Scripture: Acts 2:1-39, John 14:8-17, (25-27)
“This Jesus God raised up, and of that all of us are witnesses.”
– Acts 2:32
Today we celebrate Pentecost, the birthday of the church, the coming of Jesus’ promised gift of the Holy Spirit and the moment which led to the transformation of a small group of disciples almost two thousand years ago, into the Christian movement which spans the globe and numbers over 2 billion to this day.
Pentecost is a joyous celebration and a joyous time of worship where we can dress up in our bright reds, oranges and yellow – filling the church with the colours of the tongues of fire; it is a joyous celebration where we can celebrate the diversity of the church around the world through the songs we sing and through the various breads we will break together later this morning. We are here this morning because of what happened on Pentecost, we are here worshipping God, we are here having encountered Jesus, we know who he is and what he did, because of that fateful day long ago.
Now while we might enjoy the celebration of Pentecost, the pageantry and the colour which the feast brings, I think that we as a church, as Anglicans, are all too quick to distance ourselves from the implications of Pentecost. For many Anglicans, ‘Pentecostal’ is probably one of the scariest church words around – it brings to mind the charismatic congregations filled with people speaking in tongues, people shouting out in worship, people raising their hands to glorify God – things that no self-respecting Anglican would ever want to be accused of! For us Anglicans our faith is reasonable, it’s respectable, we like order, we like beauty, we like to know what’s coming.
I remember late last year when I first brought up the idea of sharing our Stories of Grace during the service, the time where people have been sharing their experiences of God’s Grace with us – their testimonies so to speak – a number of people commented that this wasn’t’ a very Anglican thing to do, and then in jest (or at least I think it was in jest) they all said that this was going to make us “Pentecostal” – oh the horror! And you know what? They were right, it is going to make us “pentecostal”…. just maybe not in the way you think. I think it’s about time that we reclaim the word pentecostal for ourselves, that we reclaim what it means to be a Church that is shaped by the experience of Pentecost, a Church that is shaped by God’s gift of the Holy Spirit. I think it’s time that we think of ourselves as the pentecostal Grace Church (Anglican), in Scarborough – and no that doesn’t mean you will start speaking in tongues! (but never say never, or God just might have a bit of fun with you!)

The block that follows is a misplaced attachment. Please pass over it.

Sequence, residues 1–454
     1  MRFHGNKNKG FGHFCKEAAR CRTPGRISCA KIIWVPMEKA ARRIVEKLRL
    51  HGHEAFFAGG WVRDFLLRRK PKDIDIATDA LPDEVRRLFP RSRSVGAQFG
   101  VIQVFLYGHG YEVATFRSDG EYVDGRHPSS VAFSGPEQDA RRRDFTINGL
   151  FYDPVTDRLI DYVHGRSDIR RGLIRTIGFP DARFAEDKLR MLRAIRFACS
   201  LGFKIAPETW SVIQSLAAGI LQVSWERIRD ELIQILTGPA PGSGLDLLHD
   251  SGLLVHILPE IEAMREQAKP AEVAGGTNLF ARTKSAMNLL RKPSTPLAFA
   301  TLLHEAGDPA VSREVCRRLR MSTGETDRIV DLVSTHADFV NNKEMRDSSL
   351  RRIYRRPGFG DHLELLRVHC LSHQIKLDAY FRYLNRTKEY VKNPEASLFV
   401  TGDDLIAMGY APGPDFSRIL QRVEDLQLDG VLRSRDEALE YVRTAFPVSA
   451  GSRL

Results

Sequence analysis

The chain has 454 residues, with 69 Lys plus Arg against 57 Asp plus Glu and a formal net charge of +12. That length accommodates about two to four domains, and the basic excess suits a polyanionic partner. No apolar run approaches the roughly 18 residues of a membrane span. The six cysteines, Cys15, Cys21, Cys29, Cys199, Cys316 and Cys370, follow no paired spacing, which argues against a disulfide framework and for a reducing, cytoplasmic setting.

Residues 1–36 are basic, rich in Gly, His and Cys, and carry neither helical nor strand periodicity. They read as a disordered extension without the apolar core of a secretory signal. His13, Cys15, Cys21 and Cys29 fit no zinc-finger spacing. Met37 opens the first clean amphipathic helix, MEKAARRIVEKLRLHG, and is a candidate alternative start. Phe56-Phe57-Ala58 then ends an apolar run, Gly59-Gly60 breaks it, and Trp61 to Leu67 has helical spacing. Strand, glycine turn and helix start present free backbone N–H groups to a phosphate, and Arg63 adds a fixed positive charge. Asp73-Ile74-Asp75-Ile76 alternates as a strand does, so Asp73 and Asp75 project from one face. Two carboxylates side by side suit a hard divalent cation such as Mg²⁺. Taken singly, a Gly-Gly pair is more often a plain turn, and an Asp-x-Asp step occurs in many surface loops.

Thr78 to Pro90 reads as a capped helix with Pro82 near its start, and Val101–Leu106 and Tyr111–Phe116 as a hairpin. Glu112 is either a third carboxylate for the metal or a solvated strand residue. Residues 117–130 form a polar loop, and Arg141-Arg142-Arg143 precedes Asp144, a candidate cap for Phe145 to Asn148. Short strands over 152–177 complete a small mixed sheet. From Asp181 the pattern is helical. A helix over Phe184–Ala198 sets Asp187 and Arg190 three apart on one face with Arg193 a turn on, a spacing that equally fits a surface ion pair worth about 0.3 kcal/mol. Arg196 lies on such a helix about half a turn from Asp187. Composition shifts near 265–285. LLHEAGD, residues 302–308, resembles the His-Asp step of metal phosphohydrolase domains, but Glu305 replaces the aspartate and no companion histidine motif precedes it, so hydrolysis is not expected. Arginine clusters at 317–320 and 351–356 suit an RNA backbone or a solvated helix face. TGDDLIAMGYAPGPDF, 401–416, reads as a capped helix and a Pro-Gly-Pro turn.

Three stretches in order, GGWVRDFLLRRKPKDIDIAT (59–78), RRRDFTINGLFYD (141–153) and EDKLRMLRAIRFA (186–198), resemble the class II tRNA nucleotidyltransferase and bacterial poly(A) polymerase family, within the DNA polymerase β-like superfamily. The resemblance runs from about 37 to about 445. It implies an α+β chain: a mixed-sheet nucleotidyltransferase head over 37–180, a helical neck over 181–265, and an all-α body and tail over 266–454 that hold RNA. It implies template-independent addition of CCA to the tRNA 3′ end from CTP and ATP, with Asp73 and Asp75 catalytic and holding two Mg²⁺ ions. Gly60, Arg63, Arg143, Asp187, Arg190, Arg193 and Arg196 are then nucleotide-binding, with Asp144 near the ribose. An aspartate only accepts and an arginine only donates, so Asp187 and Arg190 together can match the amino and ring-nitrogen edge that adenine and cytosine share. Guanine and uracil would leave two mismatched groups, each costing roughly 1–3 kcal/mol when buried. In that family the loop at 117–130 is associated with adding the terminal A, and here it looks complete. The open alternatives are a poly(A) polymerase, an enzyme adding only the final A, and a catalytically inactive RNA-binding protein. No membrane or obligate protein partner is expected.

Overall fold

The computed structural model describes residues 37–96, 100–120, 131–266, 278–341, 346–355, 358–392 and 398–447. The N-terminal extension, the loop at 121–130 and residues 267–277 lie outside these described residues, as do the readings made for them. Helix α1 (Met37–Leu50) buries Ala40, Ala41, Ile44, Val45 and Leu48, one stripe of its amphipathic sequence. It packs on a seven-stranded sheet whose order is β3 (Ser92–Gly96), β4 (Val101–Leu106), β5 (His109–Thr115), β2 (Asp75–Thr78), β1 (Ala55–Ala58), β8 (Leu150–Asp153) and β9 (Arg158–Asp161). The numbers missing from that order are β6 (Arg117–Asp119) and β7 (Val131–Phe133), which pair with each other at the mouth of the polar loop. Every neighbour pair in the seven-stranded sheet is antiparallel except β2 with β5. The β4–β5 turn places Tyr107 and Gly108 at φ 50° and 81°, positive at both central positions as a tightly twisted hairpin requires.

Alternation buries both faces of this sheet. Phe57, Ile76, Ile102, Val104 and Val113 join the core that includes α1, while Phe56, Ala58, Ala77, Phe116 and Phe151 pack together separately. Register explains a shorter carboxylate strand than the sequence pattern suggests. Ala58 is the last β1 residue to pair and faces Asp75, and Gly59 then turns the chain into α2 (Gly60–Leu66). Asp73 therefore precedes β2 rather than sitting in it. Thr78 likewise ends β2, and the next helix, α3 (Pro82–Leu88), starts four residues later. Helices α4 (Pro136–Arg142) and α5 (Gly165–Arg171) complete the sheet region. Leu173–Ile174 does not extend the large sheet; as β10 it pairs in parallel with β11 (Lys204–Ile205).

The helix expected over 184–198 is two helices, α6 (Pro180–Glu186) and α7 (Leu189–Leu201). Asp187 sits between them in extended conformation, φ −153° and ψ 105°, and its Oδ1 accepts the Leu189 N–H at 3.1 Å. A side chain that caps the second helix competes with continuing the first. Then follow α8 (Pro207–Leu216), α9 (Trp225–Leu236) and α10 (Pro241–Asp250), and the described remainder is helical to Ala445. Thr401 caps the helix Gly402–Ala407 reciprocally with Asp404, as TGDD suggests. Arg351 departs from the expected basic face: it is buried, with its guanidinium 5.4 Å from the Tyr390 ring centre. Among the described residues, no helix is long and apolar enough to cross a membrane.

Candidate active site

Pentecost is at the heart of who we are as a Church – no matter what denomination we are. Pentecost is the moment which gives us a window into what is important for the church, what is at the heart of the Church’s role in the world, and the story we have to share with the world. And so to get at the heart of what it means to be “pentecostal” let us dive into the story of Pentecost and to do so let us reflect on the story which led up to reading that we heard today:
See Luke 24 and Acts 1 for the immediate context
Image Credits – Title: Pentecost, Date: 1973, Artist: Jesus Mafa, Country: Cameroon
“This Jesus God raised up, and of that all of us are witnesses.” Acts 2:32
Typically our reading for Pentecost ends after Peter’s quotation from the book of Joel – verse 21 for those of you following along. When we end there it can be very easy to think of Pentecost as a purely physical experience, as the physical manifestation of the gift and power of the Holy Spirit in the lives of the disciples – they were speaking in other languages, they were understood by all those Parthians, those Medes, those Elamites and the whole lot of peoples from around the known world, tongues of fire rested upon their heads, the sound of rushing wind filled the room. If this is what we think it means to be ‘pentecostal’ then it’s understandable we don’t identify with it, since many if not all of us, have never experienced the extraordinary power of God in this way. But that is not the end of the story of Pentecost – even if our lectionary would like us to believe so! – no, the story continues with Peter’s sermon to the gathered crowd (verses 22-36 for those following) and his declaring God’s action in Jesus.